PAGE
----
COVID-19 hits Latinos hard. It’s up to us to improve our overall health to keep it at bay

Latinos, like African Americans, suffer disproportionately from chronic conditions such as diabetes. That can be disastrous against the coronavirus.

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A mural in Chicago’s Little Village neighhorhood, which has a large Hispanic population. Coronavirus cases are on the rise in the state’s Latino community.

Sun Times file

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A1C might sound like a celebrity nickname.

Actually, it’s a simple, important blood test that Latinos should know about. African Americans, too. I became intimately familiar with it 15 months ago.

A1C tells you your average blood sugar level over two or three months. Some doctors include the test in physical exams. It can tell if you are on the verge of developing diabetes or how well you are managing diabetes.

I bring this up because diabetics who come down with the coronavirus are more likely to suffer serious complications.

That should jar Latinos, especially Puerto Ricans and those of Mexican descent like me. Compared with non-Latino white Americans, they are afflicted disproportionately with diabetes.

Now, they’re getting hit hard with the coronavirus, too.

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Latinos make up 17% of the state’s population but account for 25 percent of the state’s cases. Fifteen percent have died.

African Americans, who also are prone to underlying illnesses such as diabetes, also continue to suffer disproportionately from the coronavirus. They account for almost 34% of coronavirus deaths in Illinois though they make up only 14 percent of the state’s population.

Marina Del Rios, an emergency room doctor at the University of Illinois at Chicago who is part of the Illinois Latino COVID-19 Initiative, told me she has started seeing more Latinos fighting the coronavirus in the intensive care unit. Other doctors in Chicago have told her the same.

It’s no surprise. Many Latinos, like African Americans, work in the service sector in crowded places. Working from home to dodge the virus is an impossibility.

“Physical distancing is a privilege,” Del Rios noted.

Undocumented immigrants who have no labor protection are more likely to work while sick. “My impression from patients is that they’re working because they have to,” Del Rios said.

Multi-generational homes are common in African American and ethnic communities. Inevitably, some people bring the virus home and infect older, more vulnerable family members.

“We’re now just seeing transmission rates,” Del Rios said of the virus’ spread among Latinos.

Messaging also has been a problem because of language barriers for some. The Illinois Latino COVID-19 Initiative is working on spreading awareness. The state and city are taking actions to try to curb the virus’ spread. The county has a track record for charitable care for those without health care insurance.

We also must do our part. That means washing our hands often, avoiding crowds if possible and taking other steps that experts recommend to keep the disease at bay.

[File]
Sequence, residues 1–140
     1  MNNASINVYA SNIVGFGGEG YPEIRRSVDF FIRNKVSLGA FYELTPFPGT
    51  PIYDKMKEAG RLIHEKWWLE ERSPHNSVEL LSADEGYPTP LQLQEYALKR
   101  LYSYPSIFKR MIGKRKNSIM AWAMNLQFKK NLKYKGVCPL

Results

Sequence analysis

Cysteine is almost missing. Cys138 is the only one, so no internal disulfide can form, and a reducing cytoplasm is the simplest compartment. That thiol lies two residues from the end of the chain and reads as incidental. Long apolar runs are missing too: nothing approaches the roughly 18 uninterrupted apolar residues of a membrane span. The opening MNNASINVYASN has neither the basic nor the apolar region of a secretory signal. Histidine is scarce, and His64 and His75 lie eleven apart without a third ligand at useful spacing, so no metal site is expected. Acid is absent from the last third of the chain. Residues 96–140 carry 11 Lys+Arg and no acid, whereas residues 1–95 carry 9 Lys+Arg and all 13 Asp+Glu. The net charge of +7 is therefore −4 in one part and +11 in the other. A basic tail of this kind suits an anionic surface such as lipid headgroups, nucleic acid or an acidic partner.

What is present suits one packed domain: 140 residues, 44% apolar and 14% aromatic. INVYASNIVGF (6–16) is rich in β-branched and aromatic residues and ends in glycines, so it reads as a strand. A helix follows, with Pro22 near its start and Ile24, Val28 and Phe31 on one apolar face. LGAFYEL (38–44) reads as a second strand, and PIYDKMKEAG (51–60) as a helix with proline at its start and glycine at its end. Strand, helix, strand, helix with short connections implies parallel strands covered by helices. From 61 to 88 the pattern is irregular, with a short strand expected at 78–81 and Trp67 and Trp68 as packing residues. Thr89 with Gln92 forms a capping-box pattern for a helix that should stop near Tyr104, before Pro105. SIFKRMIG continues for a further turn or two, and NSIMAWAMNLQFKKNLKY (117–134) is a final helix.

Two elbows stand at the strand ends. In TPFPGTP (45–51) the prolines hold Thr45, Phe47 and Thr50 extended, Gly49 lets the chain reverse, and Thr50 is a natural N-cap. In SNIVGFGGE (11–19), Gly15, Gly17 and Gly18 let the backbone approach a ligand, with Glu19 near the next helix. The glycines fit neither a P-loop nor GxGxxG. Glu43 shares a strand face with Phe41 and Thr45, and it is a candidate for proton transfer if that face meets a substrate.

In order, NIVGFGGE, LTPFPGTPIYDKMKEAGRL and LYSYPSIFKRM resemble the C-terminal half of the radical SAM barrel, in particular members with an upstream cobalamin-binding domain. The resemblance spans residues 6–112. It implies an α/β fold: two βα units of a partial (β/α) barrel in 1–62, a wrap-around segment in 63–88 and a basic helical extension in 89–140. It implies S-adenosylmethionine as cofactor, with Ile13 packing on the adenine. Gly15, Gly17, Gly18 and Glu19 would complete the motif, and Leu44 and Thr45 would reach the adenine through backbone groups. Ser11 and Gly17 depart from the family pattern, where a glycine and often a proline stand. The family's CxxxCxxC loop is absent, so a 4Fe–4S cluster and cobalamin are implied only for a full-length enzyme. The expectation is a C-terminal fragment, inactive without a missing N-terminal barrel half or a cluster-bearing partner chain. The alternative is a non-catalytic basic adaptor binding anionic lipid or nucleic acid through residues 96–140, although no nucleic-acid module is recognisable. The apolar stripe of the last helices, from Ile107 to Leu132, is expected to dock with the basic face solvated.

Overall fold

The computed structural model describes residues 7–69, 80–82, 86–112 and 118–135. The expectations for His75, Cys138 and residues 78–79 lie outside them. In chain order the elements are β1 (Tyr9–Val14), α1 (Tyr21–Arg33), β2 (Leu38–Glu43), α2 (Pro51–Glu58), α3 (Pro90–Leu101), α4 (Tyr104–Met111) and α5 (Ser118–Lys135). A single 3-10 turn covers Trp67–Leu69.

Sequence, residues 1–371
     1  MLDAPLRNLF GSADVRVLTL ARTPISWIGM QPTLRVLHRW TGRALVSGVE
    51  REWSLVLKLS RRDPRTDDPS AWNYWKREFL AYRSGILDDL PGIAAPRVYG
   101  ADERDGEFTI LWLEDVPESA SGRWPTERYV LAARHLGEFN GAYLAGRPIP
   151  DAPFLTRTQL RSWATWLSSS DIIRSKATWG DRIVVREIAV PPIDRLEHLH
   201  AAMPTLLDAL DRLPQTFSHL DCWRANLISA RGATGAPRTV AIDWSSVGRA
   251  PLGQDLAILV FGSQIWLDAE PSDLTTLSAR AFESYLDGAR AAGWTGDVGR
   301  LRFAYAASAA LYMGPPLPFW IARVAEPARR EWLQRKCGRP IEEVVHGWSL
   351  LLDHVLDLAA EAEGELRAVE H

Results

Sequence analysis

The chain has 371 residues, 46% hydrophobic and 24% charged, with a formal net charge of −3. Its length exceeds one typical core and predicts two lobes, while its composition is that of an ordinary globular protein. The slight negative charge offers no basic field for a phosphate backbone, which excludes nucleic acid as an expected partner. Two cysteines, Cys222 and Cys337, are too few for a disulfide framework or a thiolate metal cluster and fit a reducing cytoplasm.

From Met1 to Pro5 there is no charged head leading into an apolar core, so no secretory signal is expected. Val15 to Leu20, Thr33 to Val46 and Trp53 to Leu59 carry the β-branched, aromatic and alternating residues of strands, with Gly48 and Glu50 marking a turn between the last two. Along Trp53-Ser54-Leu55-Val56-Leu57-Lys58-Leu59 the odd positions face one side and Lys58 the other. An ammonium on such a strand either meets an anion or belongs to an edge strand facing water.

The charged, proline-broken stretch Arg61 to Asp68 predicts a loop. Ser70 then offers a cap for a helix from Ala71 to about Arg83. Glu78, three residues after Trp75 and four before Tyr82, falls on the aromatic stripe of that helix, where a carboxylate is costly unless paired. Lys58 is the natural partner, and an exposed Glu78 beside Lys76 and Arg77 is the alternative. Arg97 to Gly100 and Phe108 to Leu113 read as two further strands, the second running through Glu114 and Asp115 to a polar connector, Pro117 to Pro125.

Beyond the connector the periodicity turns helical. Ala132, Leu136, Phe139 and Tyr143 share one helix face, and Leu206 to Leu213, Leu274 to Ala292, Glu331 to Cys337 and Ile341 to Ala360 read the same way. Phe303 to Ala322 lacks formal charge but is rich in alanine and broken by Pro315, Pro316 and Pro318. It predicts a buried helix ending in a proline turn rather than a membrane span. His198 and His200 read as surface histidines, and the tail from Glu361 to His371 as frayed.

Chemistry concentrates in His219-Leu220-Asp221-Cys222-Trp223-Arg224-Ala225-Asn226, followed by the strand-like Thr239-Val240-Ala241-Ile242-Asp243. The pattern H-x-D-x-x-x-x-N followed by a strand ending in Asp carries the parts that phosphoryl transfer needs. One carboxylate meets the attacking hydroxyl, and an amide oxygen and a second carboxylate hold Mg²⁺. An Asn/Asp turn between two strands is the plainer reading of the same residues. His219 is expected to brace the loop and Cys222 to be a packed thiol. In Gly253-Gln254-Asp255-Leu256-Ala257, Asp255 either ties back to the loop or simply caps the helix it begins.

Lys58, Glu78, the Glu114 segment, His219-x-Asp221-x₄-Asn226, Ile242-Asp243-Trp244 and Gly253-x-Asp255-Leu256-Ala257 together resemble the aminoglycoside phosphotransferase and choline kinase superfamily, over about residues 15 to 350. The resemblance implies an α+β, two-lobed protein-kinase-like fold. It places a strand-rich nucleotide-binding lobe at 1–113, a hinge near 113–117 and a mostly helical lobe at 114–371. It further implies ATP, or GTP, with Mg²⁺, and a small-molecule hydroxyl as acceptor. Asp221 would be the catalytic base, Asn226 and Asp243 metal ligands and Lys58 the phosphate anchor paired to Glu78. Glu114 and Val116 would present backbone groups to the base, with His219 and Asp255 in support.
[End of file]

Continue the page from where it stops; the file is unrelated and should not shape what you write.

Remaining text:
But we must also take steps to improve our overall health. That means watching our weight, exercising more (long walks will do for some) and eating better whenever possible.

It means eating less rice and more veggies. Fresh veggies are too expensive for some, but more affordable frozen veggies can do the trick. It means scaling back on tortillas, which are high on the glycemic index.


Lea este artículo en español en La Voz Chicago, un servicio presentado por AARP Chicago.


I speak from experience. For about a year, I did a lot of sitting at my job. I started drinking caffeinated, sugary soda for an extra boost in the afternoons. I stopped walking and instead caught a bus from the office to the train. My diet included potatoes and pizza. I gained 8 pounds.

And 15 months ago, on a routine blood draw at a physical exam, my A1C was flagged as “abnormal.” I was headed for Type 2 diabetes. I’m kind of lean and didn’t think diabetes applied to me even though it rages in many blood relatives and some have suffered painful deaths because of the disease.

I had to get my act together with diet and exercise. Some people need medication, too. Doctors such as Del Rios at UIC are concerned that patients with chronic illnesses aren’t going to see their doctors out of fears over the virus. They must keep in touch.

Diabetes and conditions such as obesity and high blood pressure aren’t limited to Latinos and African Americans.

Too many Americans are obese. With that, some also deal with high blood pressure and Type 2 diabetes.

It has created a perfect storm of complications for those fighting the coronavirus. In March, 89% of patients hospitalized with the virus had at least one underlying health condition, the CDC reported.

Those who can improve their diets and exercise routines must do so. That goes a long way against disease.

Marlen Garcia is a member of the Sun-Times Editorial Board.

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